I have re-found an article I wrote a couple of years ago for the BOND newsletter - here it is below. In it I exhort the western development community (the main readers of the newsletter) to 'catch up' with movements in the south, particularly South America. But I also note that African social movements should be checking out developments over the Atlantic. This is still very much the case. Given the swing to the soft left in Latin America, with new and creative ideas for how to manage and turn the tide of neoliberalism, it strikes me as odd that there is still so little cross-pollination of ideas between Africa and the Latins. In particular, the unique nature of Latin America's social movements makes them an interesting model for other continents to look at, particularly Africa, where a relatively weak civil society is one of the reasons for slow progress on human rights and poverty reduction.
First published in BOND’s newsletter in 2006
Every country in South America, except Colombia (a real exception because of its devastating internal conflict), is today run by a left-of-centre government. The picture is more balanced through Central America but if gone left in July – and it still just about might as protests against alleged fraud continue – the rejection of neo-liberalism in Latin America would have been almost complete. The IMF, architect of twenty years of failure to tackle poverty, is being paid off and, where possible, asked politely to leave.
The New Left (with the possible exception of Hugo Chavez’s self-proclaimed ‘revolution’ in Venezuela) is marked by a rejection of ideology and a refreshing appreciation of the complexity of linking growth, stability and poverty reduction. Learning from past mistakes, and even from some of neo-liberalism’s successes, it has embraced fiscal prudence as pro-poor, while at the same time getting actively involved in the market-place.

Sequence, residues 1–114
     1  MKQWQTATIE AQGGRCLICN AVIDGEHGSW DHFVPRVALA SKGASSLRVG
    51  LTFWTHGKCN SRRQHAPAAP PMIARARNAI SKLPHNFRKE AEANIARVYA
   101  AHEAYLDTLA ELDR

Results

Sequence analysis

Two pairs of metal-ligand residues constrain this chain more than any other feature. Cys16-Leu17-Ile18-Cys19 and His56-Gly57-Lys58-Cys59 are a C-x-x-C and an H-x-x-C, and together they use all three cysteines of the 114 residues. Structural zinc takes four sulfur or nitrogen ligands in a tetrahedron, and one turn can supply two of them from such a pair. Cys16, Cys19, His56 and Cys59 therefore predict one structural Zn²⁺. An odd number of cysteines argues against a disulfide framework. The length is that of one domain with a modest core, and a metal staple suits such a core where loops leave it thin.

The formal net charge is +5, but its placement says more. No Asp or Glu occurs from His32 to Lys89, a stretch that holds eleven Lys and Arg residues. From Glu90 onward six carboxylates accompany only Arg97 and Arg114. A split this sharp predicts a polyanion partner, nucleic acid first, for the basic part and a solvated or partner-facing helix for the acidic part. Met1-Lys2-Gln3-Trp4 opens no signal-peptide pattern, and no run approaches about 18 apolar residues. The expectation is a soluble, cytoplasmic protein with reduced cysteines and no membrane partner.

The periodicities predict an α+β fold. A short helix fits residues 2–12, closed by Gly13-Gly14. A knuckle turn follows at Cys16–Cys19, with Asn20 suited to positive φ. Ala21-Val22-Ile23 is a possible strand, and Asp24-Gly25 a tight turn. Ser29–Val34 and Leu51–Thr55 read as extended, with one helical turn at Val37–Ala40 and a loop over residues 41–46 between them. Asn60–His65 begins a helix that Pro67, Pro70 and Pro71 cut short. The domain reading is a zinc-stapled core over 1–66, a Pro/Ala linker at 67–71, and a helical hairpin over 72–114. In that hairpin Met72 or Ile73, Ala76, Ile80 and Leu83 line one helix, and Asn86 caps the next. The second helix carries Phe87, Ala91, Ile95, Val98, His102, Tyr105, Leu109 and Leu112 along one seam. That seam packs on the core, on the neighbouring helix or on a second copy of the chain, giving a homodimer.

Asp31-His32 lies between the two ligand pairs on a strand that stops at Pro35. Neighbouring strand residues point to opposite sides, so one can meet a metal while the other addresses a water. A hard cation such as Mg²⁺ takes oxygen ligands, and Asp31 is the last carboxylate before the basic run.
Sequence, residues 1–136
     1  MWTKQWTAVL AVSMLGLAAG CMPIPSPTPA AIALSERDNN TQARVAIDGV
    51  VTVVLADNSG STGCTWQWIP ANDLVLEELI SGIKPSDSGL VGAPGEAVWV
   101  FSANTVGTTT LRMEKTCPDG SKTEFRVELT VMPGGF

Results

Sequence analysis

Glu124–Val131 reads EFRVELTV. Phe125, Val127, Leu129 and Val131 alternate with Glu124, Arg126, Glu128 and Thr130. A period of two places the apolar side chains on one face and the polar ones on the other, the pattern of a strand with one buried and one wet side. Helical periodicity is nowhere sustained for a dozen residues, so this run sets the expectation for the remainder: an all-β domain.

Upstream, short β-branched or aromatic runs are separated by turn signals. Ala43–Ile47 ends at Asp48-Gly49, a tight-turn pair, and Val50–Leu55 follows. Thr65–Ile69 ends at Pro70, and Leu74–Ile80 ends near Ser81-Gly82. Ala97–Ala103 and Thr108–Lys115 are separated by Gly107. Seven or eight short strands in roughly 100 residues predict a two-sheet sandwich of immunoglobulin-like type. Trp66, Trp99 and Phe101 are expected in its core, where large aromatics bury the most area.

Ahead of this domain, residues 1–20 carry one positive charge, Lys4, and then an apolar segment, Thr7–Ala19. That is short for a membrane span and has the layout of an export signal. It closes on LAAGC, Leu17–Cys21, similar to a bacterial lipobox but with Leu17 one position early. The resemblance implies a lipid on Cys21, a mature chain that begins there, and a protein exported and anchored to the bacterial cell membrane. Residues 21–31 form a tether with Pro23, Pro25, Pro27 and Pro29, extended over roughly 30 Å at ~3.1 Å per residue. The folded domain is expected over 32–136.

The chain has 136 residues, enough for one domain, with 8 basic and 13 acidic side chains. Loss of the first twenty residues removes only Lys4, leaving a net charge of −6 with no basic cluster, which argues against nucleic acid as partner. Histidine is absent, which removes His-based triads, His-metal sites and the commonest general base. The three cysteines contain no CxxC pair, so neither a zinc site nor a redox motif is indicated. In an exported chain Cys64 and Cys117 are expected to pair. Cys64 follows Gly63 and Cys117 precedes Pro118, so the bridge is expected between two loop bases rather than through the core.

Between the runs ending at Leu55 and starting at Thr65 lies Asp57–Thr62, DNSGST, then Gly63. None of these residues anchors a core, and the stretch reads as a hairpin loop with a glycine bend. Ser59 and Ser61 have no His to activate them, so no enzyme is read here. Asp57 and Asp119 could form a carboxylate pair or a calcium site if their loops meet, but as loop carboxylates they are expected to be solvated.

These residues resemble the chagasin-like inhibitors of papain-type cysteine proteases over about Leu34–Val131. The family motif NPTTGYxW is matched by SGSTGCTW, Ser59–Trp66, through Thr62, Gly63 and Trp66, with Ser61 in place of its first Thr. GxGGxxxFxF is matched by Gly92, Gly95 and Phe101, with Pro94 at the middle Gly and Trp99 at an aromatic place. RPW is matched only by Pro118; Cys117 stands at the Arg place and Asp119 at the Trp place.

If, as many hope and expect, the creative policies of this new wave of leaders lead to a faster reduction in poverty and inequality than in the last two decades (not that hard, actually!) it will be largely thanks to the successful mobilisation of social movements. Bolivia is the most recent and obvious example of this trend – Evo Morales leads a government packed with former road blockers who appear as impressive in ministerial armchairs as standing by burning lorries. But even more moderate governments, like those in Brazil and Uruguay, have relied on strong social movements to ensure their transition to power.
The growth and increasing organisation of social movements in many southern countries is one of the most important dynamics of the present era. With so much uncertainty over what is actually necessary for pro-poor sustainable development, something we can all be pretty sure of is that a strong civil society, holding government and private sector more and more to account, is one thing that will speed our world’s progress towards justice.
Most new and emerging African social movements are not nearly as strong as those in Latin America, which raises serious doubts whether the type of political transformation necessary to ‘make poverty history’ in Africa will happen any time soon, irrespective of whether aid is double, debt is cancelled or donors stop forcing countries to open their markets.
So what can the NGO community in the North do to help? First we need to make working in solidarity with social movements in poor countries one of the main objectives of our work. There has been a big shift over the years in the perceived role of Northern NGOs, from primarily providing charity to an increasing focus on structural change. But so far we have focused most of our attention on trying to persuade the powerful in the North to act in the interests of the poor in the South.
While this is an important part of the jigsaw, the changes in Latin America underline the fact that the key to long term improvements in the lives of poor people is the development of movements and organisations representing their interests, coming up with sensible answers to difficult problems, and standing up to power when it blocks progress.
We must change the way we judge our successes. Traditionally we have sought to quantify campaigning success in ‘deliverables’, such as how much the G8 promises to give as aid. That is important. But so often the promises of Northern powers do not come to fruition, or what appear to be acts of generosity metamorphose into new acts of imperialism – the self-serving conditionalities attached to aid and debt relief are the most obvious example.
So we need to judge our wins in more than simple financial terms. How much have we supported the growth of movements for change, we should ask, and how has the power balance shifted? Sustainable change will come only if those who have little power today have more power tomorrow.
Politics matters. History happens slowly. We are behind southern social movements in our analysis of what creates real and long lasting change – and some of them are beginning to ask what we are up to. We need to catch up.